Where's a crazy billionaire when you need one?

Daddy Warbucks! The American media wants you ... to run for president.

Published May 20, 1999 4:00PM (EDT)

If the rest of you don't mind excusing us for a moment, I'd like to address the crazy billionaires in the audience.

I know you're busy people -- what with the businesses to run, the employees to surveil, the FBI disrupting your children's weddings and so forth. But have you at least considered a third-party run for president? You there! Reading "The Protocols of the Elders of Zion"! Have you no sense of civic duty?

You may never see a better opportunity. Since the impeachment drama ended, leaving a news vacuum for a long-running story, the political media has confronted the possibility that the designated substitute -- the 2000 primaries -- may be over months before they technically begin. Amid the ensuing ennui, which will only get worse, any half-interesting freelance loon will receive a grateful groundswell of attention that will make Colin Powell's near acclamation in 1996 look like a public stoning. Your only limits are your bank account and your willingness to go off your medication!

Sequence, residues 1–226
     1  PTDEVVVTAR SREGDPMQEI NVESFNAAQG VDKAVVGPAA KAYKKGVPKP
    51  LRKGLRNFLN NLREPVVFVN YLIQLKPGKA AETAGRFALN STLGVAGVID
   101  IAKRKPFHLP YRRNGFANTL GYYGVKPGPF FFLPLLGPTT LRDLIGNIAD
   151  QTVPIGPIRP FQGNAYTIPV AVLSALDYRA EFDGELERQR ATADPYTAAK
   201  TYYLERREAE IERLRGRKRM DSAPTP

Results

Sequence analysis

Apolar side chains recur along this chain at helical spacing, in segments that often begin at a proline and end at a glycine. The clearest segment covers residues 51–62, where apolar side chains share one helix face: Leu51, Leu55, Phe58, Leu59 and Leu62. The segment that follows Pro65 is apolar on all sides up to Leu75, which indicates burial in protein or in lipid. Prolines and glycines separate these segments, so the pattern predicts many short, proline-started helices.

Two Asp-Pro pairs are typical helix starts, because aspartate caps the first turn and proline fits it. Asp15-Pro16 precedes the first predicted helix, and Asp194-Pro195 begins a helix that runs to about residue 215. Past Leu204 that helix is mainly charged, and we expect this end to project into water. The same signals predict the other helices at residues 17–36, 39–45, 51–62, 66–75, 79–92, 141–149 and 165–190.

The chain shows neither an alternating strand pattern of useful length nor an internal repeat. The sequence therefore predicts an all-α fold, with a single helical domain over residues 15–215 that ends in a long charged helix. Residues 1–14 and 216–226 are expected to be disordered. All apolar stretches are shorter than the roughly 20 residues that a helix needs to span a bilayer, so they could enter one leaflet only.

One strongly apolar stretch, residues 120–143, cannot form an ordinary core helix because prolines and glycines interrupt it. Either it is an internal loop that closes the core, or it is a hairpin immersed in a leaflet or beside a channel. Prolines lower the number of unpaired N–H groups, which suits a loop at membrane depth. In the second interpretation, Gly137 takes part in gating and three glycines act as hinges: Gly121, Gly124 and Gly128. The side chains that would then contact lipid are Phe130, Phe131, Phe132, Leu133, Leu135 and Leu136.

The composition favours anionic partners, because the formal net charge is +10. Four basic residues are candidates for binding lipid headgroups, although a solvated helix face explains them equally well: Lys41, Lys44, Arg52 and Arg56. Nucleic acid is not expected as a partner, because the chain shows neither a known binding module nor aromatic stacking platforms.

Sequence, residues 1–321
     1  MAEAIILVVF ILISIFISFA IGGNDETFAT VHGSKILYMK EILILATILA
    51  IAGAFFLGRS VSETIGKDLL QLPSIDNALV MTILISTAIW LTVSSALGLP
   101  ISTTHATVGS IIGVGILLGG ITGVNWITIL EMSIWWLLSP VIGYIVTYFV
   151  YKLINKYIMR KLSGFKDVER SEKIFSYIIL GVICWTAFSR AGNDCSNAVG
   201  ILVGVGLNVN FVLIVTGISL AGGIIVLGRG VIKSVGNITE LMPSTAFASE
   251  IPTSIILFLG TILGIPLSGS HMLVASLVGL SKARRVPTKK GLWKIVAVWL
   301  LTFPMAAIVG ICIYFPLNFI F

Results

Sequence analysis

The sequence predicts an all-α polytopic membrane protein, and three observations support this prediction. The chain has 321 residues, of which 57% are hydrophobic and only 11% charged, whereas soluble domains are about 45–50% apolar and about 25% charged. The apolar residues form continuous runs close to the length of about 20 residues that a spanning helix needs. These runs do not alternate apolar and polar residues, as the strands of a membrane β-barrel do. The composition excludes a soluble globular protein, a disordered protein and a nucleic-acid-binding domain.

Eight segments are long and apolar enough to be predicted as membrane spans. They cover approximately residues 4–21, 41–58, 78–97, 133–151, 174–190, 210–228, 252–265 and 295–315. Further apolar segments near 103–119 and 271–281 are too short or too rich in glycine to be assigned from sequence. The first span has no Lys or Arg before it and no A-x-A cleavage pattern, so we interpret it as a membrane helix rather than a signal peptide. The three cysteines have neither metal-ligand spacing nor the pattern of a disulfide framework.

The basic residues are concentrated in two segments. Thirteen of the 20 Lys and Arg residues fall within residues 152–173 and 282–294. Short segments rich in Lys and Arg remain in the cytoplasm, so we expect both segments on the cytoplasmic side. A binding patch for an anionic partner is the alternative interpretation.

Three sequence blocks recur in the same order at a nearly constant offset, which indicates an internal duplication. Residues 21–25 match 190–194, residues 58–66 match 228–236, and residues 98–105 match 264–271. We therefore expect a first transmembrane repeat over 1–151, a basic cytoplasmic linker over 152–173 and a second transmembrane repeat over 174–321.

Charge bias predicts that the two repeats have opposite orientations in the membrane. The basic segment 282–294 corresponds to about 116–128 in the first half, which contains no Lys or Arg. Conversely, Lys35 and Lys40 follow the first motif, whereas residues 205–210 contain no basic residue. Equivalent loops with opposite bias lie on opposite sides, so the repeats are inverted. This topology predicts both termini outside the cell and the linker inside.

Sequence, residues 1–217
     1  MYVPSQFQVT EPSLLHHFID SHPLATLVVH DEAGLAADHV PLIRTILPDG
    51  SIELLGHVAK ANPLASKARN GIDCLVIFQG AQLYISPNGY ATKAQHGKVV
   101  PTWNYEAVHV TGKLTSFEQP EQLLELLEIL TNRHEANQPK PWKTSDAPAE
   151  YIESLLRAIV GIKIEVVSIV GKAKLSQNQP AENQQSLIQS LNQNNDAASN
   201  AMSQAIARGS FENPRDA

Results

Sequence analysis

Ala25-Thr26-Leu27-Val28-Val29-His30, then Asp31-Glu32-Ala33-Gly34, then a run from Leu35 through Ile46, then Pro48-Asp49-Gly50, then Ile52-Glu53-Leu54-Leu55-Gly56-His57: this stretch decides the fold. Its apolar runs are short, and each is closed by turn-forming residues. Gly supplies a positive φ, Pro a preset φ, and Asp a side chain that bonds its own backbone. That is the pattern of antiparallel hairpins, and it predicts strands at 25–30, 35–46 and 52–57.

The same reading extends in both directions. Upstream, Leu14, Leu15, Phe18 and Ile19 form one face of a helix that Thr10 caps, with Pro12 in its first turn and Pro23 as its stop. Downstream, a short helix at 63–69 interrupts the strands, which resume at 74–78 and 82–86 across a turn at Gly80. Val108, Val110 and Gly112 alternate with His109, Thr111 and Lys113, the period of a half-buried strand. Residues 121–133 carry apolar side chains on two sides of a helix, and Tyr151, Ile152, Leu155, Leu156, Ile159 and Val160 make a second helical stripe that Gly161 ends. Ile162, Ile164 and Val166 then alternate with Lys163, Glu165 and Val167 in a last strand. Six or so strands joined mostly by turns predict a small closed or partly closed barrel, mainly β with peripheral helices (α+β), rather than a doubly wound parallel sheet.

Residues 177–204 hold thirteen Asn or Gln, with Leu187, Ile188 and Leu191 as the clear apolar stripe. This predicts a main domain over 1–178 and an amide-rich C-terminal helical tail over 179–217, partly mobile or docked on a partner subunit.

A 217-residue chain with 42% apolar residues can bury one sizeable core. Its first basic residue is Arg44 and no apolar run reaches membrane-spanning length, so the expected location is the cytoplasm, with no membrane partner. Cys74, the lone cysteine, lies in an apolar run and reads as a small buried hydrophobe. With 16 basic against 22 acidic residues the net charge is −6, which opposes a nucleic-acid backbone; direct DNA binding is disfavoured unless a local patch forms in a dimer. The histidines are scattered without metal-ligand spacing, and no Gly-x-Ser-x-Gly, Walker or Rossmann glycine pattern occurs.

Consider what the 2000 race promised: two parties, two primaries, perhaps a dozen and a half competitors leading fractious mini-armies to a fin de sihcle Ragnarok of culture war and self-interest. The Republican primary would be a loopy family drama with telegenic mouthpieces bloodying one another while God chose from among his several closest personal friends. On the Democratic side, there were rumors that actual Democrats might participate. But with 18 months to go in the it's-not-a-campaign-yet, we're already at an impasse. The Republican leadership is short-circuiting the primaries by lining up behind George W. Bush; the contest between Bill Bradley and Al Gore is being propelled on the faintest of journalistic hopes; even Steve Forbes has been reduced to the comical role of the humble preacher's boy from Bedminster.